I'm developing a client/server system in Java which is not interacting with third-party software, so I don't have to worry about compatibility.

At a certain point, I need the client and server to exchange a digitally signed value. I thought to use ECDSA, but I'm not sure what curve and what key length should I use. I'm mostly worried about the security rather than the computational time or the length of the signature.

I'm using BouncyCastle for security-related operations, so the curve and key length must be supported by it. Here you can find a list of curves supported by BouncyCastle.

Do you have any advice?


SafeCurves lists some ways to compare the security of elliptic curves. Their security criteria are split to "ECDLP security" and "ECC security". Failing the former basically means "there is no way to use this curve securely in general" while the latter "it is difficult to implement this curve securely".

None of the (few) BouncyCastle-supported curves that have been looked at on SafeCurves pass all the criteria. Some fail the "rigidity" ECDLP criteria, which means that there is no way to show that the parameters haven't been chosen so there is a backdoor. If you fear that e.g. NSA has backdoored ECC, you should avoid those curves.

The one that does best is brainpoolp384t1. If passes all the ECDLP criteria as well as having twist security. That means it is the easiest to correctly implement. The other Brainpool curve they've looked at, brainpoolp256t1, also passes all the ECDLP criteria and so can be implemented securely. Without knowing anything about BouncyCastle's implementation, it is impossible for me to know whether the former curve has an advantage or even if both are in fact broken.

Regarding key length, there are various recommendations by different parties. They mostly agree that 256 bits is enough through at least 2030. So either of the two Brainpool curves I mentioned above would fit the bill. 384 bits is enough for Top Secret according to NSA.

In short, then, brainpoolp384t1 would be a conservative choice, since you don't care about computational time or space usage. That's not to say any of the others are bad choices, or that some other curve (e.g. one of the 512-bit Brainpool curves) isn't even better.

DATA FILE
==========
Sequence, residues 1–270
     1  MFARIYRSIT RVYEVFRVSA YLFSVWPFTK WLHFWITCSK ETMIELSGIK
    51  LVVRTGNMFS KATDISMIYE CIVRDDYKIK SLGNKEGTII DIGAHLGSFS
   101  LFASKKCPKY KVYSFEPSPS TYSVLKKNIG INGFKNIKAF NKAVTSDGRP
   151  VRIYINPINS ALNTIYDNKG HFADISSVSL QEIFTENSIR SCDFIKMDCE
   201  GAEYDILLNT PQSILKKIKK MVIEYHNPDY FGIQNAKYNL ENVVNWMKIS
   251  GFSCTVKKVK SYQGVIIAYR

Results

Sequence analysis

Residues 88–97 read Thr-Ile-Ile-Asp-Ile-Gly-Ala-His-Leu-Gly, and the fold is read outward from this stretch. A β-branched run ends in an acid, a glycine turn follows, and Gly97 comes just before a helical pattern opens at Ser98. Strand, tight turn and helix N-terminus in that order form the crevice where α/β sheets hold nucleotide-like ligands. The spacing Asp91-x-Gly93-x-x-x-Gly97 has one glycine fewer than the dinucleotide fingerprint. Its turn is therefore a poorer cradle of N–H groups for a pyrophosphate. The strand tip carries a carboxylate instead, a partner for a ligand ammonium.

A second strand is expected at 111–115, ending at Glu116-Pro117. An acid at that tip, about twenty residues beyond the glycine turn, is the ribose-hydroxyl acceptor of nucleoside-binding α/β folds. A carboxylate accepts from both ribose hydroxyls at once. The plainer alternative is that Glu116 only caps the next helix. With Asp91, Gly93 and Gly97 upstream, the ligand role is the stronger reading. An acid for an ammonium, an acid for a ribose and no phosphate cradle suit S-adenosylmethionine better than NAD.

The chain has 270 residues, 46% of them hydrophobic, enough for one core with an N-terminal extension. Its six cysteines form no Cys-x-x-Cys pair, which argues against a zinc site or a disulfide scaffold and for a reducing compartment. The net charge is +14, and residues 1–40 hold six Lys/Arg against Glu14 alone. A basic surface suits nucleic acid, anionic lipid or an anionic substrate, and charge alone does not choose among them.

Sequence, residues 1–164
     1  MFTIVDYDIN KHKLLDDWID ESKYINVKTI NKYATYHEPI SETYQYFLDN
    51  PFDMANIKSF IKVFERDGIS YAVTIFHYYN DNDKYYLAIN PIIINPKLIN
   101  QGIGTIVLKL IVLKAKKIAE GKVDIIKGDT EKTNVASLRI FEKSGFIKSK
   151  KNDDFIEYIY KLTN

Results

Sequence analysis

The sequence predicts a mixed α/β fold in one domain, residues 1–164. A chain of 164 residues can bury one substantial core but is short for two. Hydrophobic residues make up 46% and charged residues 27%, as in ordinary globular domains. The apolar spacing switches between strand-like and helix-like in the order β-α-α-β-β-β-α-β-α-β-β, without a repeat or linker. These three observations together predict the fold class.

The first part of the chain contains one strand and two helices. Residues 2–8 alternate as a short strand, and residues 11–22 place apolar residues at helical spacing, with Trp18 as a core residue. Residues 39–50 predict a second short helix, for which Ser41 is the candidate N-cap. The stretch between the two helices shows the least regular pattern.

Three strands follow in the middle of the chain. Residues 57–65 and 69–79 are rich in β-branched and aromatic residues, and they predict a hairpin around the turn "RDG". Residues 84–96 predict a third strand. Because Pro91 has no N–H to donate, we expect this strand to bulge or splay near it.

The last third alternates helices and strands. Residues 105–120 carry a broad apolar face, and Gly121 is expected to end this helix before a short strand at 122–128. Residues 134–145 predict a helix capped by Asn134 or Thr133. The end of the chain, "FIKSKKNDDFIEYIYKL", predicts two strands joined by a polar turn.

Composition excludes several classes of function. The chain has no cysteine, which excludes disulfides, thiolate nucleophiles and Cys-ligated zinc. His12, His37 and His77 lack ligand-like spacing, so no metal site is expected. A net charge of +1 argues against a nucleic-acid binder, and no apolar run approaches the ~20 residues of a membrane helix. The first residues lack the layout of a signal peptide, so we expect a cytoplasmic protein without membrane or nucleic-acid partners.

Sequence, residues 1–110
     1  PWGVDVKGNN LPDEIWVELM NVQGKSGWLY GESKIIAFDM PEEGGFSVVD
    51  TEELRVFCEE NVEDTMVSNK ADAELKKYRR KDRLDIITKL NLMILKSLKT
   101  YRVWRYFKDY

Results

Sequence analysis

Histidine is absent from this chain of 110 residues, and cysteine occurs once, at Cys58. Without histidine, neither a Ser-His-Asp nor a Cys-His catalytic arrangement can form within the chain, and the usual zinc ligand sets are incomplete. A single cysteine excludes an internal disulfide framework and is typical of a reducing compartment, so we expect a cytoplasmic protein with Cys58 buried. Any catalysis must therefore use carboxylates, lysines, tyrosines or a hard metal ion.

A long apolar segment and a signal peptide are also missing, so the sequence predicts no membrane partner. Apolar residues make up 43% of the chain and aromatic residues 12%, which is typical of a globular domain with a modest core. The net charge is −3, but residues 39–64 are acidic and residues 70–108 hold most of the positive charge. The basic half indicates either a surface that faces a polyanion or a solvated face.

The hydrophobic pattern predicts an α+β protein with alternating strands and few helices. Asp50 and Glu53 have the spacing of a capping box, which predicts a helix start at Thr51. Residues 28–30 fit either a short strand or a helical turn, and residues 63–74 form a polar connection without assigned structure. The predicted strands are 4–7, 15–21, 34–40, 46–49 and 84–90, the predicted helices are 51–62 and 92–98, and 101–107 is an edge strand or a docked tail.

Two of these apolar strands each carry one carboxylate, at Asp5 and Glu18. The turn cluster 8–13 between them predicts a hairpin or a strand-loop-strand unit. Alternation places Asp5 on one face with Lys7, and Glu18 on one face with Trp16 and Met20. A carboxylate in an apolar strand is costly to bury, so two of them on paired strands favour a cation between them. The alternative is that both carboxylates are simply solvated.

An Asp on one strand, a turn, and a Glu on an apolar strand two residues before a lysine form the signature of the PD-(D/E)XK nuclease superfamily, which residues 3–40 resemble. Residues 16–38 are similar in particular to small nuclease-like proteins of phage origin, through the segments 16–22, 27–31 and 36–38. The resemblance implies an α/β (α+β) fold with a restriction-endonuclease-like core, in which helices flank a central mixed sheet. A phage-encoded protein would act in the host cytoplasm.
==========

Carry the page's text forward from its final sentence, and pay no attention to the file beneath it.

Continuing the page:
• $\begingroup$ Unfortunately, it looks like SafeCurves hasn't been updated since January 2017. That is an eternity in the world of crypto. What curves are good to use nowadays? $\endgroup$ – Yitz May 25 '20 at 15:16
  • $\begingroup$ Here is a recent article about SafeCurves that put things into a more modern perspective: satoshinichi.gitlab.io/b/safecurves-scare.html $\endgroup$ – Yitz May 25 '20 at 16:46

You may probably use any curve you like, depending on your special requirements (environment, computational aspects, ...) and the curves implemented by your library (see otus answer refering to some concrete security findings related to specific elliptic curves, and how sensible they are to certain attacks). The reason why the curves are pre-computed, is because it is much harder to set up an EC crypto system than one based on a "standard" cyclic group with integer elements rather than points on a curve (the actual reason is that it's time-consuming to compute the order of a curve).

Even though the outer parameters of the curve are public domain ($a, b, p, order(E), P$) there are not enough ink-atoms in the universe to store all points of a curve (given the number of points on the curve is large enough - see "security levels" below). This means, that you don't need to be worried, that one curve may be less secure than another because someone might have precomputed and stored all the points, which would render security nil.

For the key-length the parameter "size" published on the bouncycastle page probably refers to the minimum size in bits of the hash output, which is a the same time the order of the cyclic group generated by the chosen generator point $P$. You can call this your key size.

Today (in 2014) in ECDSA the security level of a 192 bit key is 96 bits, and a 512 bit key provides a security level of 256 bit.

A security level of $n$ bit means that the best known attack for that algorithm at that point in time requires $2^n$ steps. Since research is ongoing the selection of a security level is a trade off between efficiency and the belief that the best known attack is not the actual best attack (to come). In any case it is a function of time.

  • $\begingroup$ Are you sure 512bits? I think it should be 521bits. As an evidence, Invalid ECDSA key length: valid lengths are 256, 384 or 521 bits output from OpenSSH when I type wrong length for ecdsa. $\endgroup$ – pah8J Dec 29 '18 at 3:30
  • $\begingroup$ @pah8J The 512 bit key is a theoretical length that is put in relation to the security level. A 521 bit key will give a slightly higher level. The reason OpenSSH probably uses a key length of 521 bits is that in their implementation they failed to find a good candidate for a prime which is just a bit smaller than 512 bits. Some ECDSA curves for instance also have a fixed key length, the option will be ignored. In any case don't be worried about 512 or 521 bits. $\endgroup$ – mwhs Jan 15 '19 at 5:04
  • $\begingroup$ @pah8J The 521 bits is actually a recommended finite field according to FIPS 186-2 when it comes to implementing ECs in software. You can read about it here: en.wikipedia.org/wiki/Elliptic-curve_cryptography#cite_note-25 $\endgroup$ – mwhs Jan 15 '19 at 5:11

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